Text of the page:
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MUSIC : The Circuitous Flight of the Kinmans : Brothers' current incarnation as Blackbird moves them from stints at punk and country rock to 'one indecipherable sonic mess.'


The group Blackbird is no radio programmer's dream. They get about as much airplay as the great speeches of Mao Tse-tung. Too bad. Blackbird has a better beat, and they'll be opening for their pals, Firehose, at the Anaconda Theater in Isla Vista Saturday night.

Blackbird is the latest (and loudest) incarnation of the Kinman brothers, Chip and Tony. In the late '70s the Kinmans moved from Carlsbad to the Bay Area, where they formed a political punk band called the Dils that did songs like "Class War" and "I Hate The Rich."

A few years later, peeved at punks, they changed 180 degrees and formed Rank and File, a country rock band. Their 1982 debut album on Slash Records, "Sundown," was widely hailed as the next big thang. The band made a few more critically acclaimed albums and did the tour thing, even stopping by Santa Barbara a few times for barroom brouhahas at places like Oscar's.

Blackbird has been the Kinmans' thing for the last five years, a longevity record for them. Naturally, this band is nothing like the other bands. Blackbird is a feedback-crazed, wall-of-sound operation, more powerful than a locomotive, slower than a freeway possum, but with the trademark Kinman harmonies.

After a 1992 big label release on Scotti Brothers Records, the Kinmans are back on their familiar little label, Iloki, with new singles threatened. Chip Kinman, clearly getting itchy wings as a Blackbird, discussed their music and all that during a recent phoner.

How did the last album do?

It didn't do that well for all sorts of reasons. For one, we didn't do anything new because the people at Scotti Brothers kind of wanted us to do the old songs. The album wasn't really representative of Blackbird because it was too clean, too nice. Whenever we don't follow our basic instincts, we always get our butts kicked.

How long since you played Santa Barbara?

Not since we played at a little bar around 1985 as Rank and File. We've been playing since 1977, so sometimes it's kind of hard to get excited about playing in a bar. It's archaic, almost old-fashioned to play these days. You get the gig, make the poster, the fans shake their heads and we get all sweaty in the face. We've never even played in L.A. as Blackbird. But it will be different playing with Firehose. They do one of our songs, "Quicksand," and Mike Watt is our pal.

Do you guys have day jobs?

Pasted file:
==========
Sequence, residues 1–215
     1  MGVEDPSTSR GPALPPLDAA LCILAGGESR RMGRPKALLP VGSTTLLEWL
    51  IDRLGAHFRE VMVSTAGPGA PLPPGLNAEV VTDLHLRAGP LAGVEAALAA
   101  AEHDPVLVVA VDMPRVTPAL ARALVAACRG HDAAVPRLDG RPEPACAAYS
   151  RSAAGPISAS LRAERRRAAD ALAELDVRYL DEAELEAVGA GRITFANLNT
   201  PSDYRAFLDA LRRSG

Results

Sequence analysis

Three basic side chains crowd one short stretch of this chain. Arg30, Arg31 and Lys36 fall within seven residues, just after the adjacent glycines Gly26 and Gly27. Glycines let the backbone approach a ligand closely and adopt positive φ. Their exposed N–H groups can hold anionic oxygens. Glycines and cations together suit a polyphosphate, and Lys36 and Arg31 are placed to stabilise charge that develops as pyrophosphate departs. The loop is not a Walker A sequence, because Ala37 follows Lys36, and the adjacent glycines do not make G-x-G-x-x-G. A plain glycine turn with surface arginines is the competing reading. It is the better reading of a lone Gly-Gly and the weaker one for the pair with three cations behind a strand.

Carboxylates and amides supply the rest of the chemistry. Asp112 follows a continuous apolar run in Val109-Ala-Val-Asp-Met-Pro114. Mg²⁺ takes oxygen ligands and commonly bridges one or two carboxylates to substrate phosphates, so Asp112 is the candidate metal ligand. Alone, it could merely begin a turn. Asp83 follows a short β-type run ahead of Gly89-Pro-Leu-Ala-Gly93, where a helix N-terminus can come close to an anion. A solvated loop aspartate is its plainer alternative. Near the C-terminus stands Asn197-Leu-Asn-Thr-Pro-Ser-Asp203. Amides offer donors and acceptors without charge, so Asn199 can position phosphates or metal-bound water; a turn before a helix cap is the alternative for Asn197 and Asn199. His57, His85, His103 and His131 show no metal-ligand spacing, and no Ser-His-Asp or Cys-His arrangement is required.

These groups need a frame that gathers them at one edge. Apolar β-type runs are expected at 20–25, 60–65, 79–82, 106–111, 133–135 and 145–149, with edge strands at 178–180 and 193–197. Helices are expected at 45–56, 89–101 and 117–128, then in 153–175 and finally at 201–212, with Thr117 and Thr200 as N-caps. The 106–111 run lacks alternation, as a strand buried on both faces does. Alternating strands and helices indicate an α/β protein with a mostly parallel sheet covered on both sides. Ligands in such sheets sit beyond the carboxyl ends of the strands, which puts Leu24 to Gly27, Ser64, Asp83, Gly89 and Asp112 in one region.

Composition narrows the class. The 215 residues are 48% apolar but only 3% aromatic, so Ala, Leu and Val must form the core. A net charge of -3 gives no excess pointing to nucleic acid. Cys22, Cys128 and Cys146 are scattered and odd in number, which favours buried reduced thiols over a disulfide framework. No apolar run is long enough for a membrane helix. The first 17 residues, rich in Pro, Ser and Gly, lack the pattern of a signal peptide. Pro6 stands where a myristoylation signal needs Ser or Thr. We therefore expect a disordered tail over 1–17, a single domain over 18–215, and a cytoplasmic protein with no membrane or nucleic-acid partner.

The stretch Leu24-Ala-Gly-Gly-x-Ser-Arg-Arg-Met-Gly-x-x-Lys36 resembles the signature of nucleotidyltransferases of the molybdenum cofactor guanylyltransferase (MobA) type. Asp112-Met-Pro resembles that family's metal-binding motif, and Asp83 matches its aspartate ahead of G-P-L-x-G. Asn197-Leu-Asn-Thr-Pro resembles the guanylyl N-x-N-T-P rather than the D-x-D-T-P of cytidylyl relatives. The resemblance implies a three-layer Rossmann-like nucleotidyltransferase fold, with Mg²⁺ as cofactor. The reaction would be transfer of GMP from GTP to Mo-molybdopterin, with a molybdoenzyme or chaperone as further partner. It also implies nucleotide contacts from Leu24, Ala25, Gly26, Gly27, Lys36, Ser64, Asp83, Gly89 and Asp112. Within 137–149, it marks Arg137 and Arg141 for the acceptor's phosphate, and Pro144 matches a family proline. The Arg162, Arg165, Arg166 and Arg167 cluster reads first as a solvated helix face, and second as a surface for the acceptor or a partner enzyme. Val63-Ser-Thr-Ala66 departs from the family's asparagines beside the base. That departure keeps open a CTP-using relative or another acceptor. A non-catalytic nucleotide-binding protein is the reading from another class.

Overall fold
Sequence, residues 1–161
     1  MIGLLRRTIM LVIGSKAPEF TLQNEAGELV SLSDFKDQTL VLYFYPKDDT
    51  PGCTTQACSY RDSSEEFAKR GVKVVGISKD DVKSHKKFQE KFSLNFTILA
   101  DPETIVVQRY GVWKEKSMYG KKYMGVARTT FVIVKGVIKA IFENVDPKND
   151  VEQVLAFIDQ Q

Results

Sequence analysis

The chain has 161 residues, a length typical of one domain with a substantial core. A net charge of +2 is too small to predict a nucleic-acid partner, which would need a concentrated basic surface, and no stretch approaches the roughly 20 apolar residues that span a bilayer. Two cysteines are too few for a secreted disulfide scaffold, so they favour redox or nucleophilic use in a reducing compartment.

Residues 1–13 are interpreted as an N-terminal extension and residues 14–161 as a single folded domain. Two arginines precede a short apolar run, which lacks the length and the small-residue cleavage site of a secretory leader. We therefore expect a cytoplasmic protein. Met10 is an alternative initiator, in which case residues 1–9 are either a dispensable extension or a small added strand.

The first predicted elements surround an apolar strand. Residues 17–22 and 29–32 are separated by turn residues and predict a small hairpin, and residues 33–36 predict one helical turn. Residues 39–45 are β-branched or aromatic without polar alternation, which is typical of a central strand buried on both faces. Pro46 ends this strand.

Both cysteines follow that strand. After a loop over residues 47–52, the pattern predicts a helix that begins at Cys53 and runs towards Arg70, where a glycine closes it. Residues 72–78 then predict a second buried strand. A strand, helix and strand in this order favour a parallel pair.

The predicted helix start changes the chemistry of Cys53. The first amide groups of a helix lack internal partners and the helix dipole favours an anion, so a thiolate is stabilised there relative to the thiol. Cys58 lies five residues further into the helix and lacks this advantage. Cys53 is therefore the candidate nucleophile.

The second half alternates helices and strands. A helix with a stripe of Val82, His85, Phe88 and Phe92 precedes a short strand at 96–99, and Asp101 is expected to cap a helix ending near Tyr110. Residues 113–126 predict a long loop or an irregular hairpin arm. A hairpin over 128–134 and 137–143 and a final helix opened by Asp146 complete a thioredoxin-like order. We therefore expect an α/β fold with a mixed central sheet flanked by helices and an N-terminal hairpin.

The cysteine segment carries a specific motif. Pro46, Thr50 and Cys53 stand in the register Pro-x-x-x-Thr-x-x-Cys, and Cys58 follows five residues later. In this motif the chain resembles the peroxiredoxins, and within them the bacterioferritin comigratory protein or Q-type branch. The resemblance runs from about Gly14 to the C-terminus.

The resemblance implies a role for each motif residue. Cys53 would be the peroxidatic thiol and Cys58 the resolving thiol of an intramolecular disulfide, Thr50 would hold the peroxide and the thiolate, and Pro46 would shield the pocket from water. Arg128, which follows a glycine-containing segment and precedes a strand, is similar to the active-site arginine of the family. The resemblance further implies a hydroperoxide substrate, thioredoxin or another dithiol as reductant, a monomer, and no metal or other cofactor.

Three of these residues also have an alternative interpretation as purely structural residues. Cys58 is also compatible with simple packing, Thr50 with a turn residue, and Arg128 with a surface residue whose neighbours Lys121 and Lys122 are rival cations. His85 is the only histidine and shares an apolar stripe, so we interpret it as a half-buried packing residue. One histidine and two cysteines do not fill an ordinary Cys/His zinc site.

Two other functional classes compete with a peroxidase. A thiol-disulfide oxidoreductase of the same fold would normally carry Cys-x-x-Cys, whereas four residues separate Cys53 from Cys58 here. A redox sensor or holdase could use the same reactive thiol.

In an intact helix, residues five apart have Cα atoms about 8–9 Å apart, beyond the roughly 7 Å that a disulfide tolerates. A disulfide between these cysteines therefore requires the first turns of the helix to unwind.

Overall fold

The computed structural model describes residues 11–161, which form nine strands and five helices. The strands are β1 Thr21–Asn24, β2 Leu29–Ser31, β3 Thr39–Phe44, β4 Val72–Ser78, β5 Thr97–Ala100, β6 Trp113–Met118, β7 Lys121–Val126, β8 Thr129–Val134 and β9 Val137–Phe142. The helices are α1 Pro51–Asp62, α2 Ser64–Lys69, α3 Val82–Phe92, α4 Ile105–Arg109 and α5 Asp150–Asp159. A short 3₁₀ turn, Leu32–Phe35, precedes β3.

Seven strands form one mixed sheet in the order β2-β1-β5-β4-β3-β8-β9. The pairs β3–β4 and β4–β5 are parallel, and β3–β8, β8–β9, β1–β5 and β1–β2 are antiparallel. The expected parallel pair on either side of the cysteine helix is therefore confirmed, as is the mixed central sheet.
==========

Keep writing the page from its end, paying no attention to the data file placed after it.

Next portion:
I work for an L.A. tattoo artist, but we stay alive off our publishing. I keep track of every note. The Dils, and Rank and File still sell and Blackbird is steady. We still get some airplay, plus we were on a lot of movie soundtracks, so we're getting by on that.

Is being stubborn and doing it your way helped or hurt your career?

Our orneriness really works for us because we're always wanting to do something different. It's gotta be a challenge. A lot of people want rock to be safe. There is a lot of B.S. in the business--there's hundreds of rules. Don't release a record at Christmastime. Don't release the record in the summer. Don't release the record at spring break. None of them are true. If everybody knew how it worked, everyone would be rich.

You guys did punk, then country rock, now whatever Blackbird is; so what's next, polka?

We just recorded a single for Iloki, but right now we're thinking, "Do we still want to be Blackbird?" It's been five years, which is longer than any of our other bands. We sort of did Blackbird just to wipe the plate clean from Rank and File. We're just getting back into the swing of things. Maybe we'll change our name to the Grunions. Then we can say "We do it on the beach."

So does Blackbird do the Dils and Rank and File songs?

Yes, we do, but probably not at the Santa Barbara show.

What's the story on the Dils?

It came about because of something in the air, not because we read about the Sex Pistols or the Ramones. We knew that rock was dead and we were right. Punk rock changed everything. It made it safe for Michael Jackson to wear zippers and for spike-headed women to sell stuff on TV. But when punk rock turned into all these rules, we thought "Hmmm, let's see; country music--everybody hates that." Right now, we're thinking about making another Rank and File album.

Describe Blackbird music.

Gosh, I dunno. It's really kind of like hell. It can really be like one indecipherable sonic mess. We usually only do half-hour shows because it's so demanding. It's really not for everybody. Yet, Tony and I are slaves to pop, and there's always a sense of tune in there.

How did you get started in the music biz?

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